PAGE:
21 July 2008

Best Practices?

Joel recently wrote about the use of menus in applications saying that developers shouldn't hide or disable menu items. He writes that we should leave menu items enabled, whether or not they are available.

I have to say, I couldn't disagree more.

Maybe Joel wasn't around when standards for user interface behaviours were being established. I am all for innovation but to change the behaviour of such a basic interface element so late in the game makes no sense without a compelling reason to do so and will only frustrate users.

It reminds me of one project i worked on where the developer had come up with an innovative interface design. He had developed an application so that rather than having a user press and release the left mouse button on a menu item to select it, users would instead left click to pull down the menu and then right click on an item to select it. The idea being that it helped prevent users from selecting the wrong item if they let go of the left mouse button accidentally on the wrong item. True story.

I think, realistically, most experienced developers will disregard this post from Joel and will instantly forgive the author because he makes such a huge contribution in other ways so this is not meant as a personal attack on Joel.

I am writing this post because Joel's article points at something else. There is a tendency within IT organizations to use the word "Standards" or "Best Practices" when they want to enforce conformity and by definition rule out any innovation in the area addressed.

In my business have been very interested in the use of these words because my work is about innovation and the words "Standards" and "Best Practices" are by definition the antithesis of innovation. They basically mean "this is how we do it" and "the matter is closed for discussion".

To be clear, I am a big fan of standards and even some "best practices" but many of the organizations that use these words also say they want to "encourage innovation". If it's true that we want to encourage innovation, then where we set the boundary of what's a standard or not, or what can be called a best practice or not, is critically important if we truly want to encourage innovation.

For example, I am a big fan of having standards around say... the character representations we use. I know that sometimes it's hard to tell a "1" from an "l", and to solve this problem we could come up with an innovative solution. We could choose a different shape for lower case "L" so it doesn't look so much like the number one. Perhaps a small square? That's not being used. So, from now on in all of my programs I could just use a small square instead of a lower case "L". I would explain in the documentation that I have implemented this innovative new feature and before too long my users would get used to it.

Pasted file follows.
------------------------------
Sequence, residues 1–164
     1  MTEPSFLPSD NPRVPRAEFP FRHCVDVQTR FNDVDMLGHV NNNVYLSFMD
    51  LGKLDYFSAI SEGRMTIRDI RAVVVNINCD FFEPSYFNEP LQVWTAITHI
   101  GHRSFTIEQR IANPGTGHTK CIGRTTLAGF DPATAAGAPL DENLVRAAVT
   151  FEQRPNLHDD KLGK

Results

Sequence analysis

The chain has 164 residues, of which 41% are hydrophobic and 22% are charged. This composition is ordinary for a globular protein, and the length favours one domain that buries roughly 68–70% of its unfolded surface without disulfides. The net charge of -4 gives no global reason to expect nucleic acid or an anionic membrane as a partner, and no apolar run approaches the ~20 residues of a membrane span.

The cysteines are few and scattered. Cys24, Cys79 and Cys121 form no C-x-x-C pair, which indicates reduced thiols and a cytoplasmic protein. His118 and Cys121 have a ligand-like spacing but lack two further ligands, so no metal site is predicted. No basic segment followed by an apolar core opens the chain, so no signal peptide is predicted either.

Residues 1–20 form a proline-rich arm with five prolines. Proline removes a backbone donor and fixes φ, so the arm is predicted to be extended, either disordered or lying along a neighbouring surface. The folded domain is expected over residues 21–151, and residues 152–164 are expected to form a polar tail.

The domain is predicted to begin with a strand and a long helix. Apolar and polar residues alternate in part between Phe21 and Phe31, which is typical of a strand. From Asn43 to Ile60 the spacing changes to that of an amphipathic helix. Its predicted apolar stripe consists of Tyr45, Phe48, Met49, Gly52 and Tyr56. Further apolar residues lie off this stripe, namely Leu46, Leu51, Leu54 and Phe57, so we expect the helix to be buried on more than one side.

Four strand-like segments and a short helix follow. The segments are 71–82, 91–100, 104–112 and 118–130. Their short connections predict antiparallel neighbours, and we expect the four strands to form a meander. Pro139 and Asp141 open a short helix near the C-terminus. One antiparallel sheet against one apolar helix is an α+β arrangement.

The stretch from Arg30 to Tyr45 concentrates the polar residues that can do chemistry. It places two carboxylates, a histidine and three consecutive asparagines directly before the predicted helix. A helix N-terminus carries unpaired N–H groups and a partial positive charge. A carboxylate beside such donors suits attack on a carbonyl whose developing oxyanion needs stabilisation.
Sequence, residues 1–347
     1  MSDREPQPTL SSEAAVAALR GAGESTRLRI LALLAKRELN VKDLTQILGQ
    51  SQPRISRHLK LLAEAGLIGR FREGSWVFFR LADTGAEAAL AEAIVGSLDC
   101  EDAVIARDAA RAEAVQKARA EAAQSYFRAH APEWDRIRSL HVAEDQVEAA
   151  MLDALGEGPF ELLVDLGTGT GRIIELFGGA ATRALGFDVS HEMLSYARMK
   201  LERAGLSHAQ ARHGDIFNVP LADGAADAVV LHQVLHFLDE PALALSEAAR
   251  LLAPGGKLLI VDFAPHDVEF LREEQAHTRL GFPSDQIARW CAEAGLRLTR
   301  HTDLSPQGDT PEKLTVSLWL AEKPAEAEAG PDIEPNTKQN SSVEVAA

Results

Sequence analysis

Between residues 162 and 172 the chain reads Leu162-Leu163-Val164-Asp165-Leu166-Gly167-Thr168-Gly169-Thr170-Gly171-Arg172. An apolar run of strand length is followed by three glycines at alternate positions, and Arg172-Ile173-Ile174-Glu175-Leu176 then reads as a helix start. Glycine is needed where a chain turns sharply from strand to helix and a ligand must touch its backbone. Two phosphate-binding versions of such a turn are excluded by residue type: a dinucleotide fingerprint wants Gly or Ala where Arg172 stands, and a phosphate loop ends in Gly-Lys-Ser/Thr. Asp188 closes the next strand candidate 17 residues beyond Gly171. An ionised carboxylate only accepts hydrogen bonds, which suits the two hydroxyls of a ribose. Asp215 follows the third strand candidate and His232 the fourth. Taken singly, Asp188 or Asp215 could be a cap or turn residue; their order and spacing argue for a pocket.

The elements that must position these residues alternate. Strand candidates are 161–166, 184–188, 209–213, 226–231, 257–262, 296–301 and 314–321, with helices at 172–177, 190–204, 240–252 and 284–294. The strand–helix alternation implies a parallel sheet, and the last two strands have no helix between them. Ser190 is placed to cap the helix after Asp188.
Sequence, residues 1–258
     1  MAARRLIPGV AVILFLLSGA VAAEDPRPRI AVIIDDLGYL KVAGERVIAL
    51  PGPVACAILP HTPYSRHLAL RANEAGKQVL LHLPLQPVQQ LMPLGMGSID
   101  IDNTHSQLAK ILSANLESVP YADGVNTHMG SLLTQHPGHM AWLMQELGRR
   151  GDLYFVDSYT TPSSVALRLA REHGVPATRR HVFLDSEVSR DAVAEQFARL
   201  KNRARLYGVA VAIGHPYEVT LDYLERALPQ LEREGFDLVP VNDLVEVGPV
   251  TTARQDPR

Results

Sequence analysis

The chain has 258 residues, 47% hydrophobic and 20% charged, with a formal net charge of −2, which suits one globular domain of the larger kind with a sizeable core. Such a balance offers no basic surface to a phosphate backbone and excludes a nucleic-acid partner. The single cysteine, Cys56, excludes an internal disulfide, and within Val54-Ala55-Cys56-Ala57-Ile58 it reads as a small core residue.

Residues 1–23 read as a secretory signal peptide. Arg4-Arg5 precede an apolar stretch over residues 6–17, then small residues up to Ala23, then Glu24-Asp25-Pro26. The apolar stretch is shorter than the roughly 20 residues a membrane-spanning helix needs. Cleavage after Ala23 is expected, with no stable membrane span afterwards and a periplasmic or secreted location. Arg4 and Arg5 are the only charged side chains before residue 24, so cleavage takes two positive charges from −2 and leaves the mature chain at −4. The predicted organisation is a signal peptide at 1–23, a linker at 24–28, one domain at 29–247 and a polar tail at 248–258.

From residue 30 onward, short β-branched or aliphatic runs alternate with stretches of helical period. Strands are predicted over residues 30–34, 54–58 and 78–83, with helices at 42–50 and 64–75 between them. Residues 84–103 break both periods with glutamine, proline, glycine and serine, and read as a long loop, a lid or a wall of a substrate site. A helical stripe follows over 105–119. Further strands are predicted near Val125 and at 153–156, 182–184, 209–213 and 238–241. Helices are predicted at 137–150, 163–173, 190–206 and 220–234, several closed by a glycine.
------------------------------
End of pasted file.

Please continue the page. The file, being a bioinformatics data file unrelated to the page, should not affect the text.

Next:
Innovation in the area of the characters we use, or the network protocols we use on the internet, or what a dial tone sounds like, or how a basic menu functions, doesn't work. I think the reason it doesn't work is because these are areas where we have solved the problem sufficiently that the cost of innovation is outweighed by the cost of implementation of that innovation. Basically, there is not a high enough benefit in the innovation to recoup the high cost of switching to the innovation.

As an alternative example, some companies have standards around the operating system or application frameworks they use. Switching from say Windows and .NET with an Oracle back end to something like a LAMP back end would be against the "best practices" rules of many IT shops but when you really think about it, the cost of making such a switch can be very small in a world where applications are delivered via the web and where the user is for the most part unaware of the delivery platform.

The benefit of moving to an open source server platform can be phenomenal and the costs are comparatively small for large numbers of users. To rule out an entire genre of technology simply because of a "best practice" makes little sense when essentially, the user can't tell the difference except perhaps increased performance and reliability.

Here's my best practice: Use standards and best practices only where they foster innovation and generate real measurable value.

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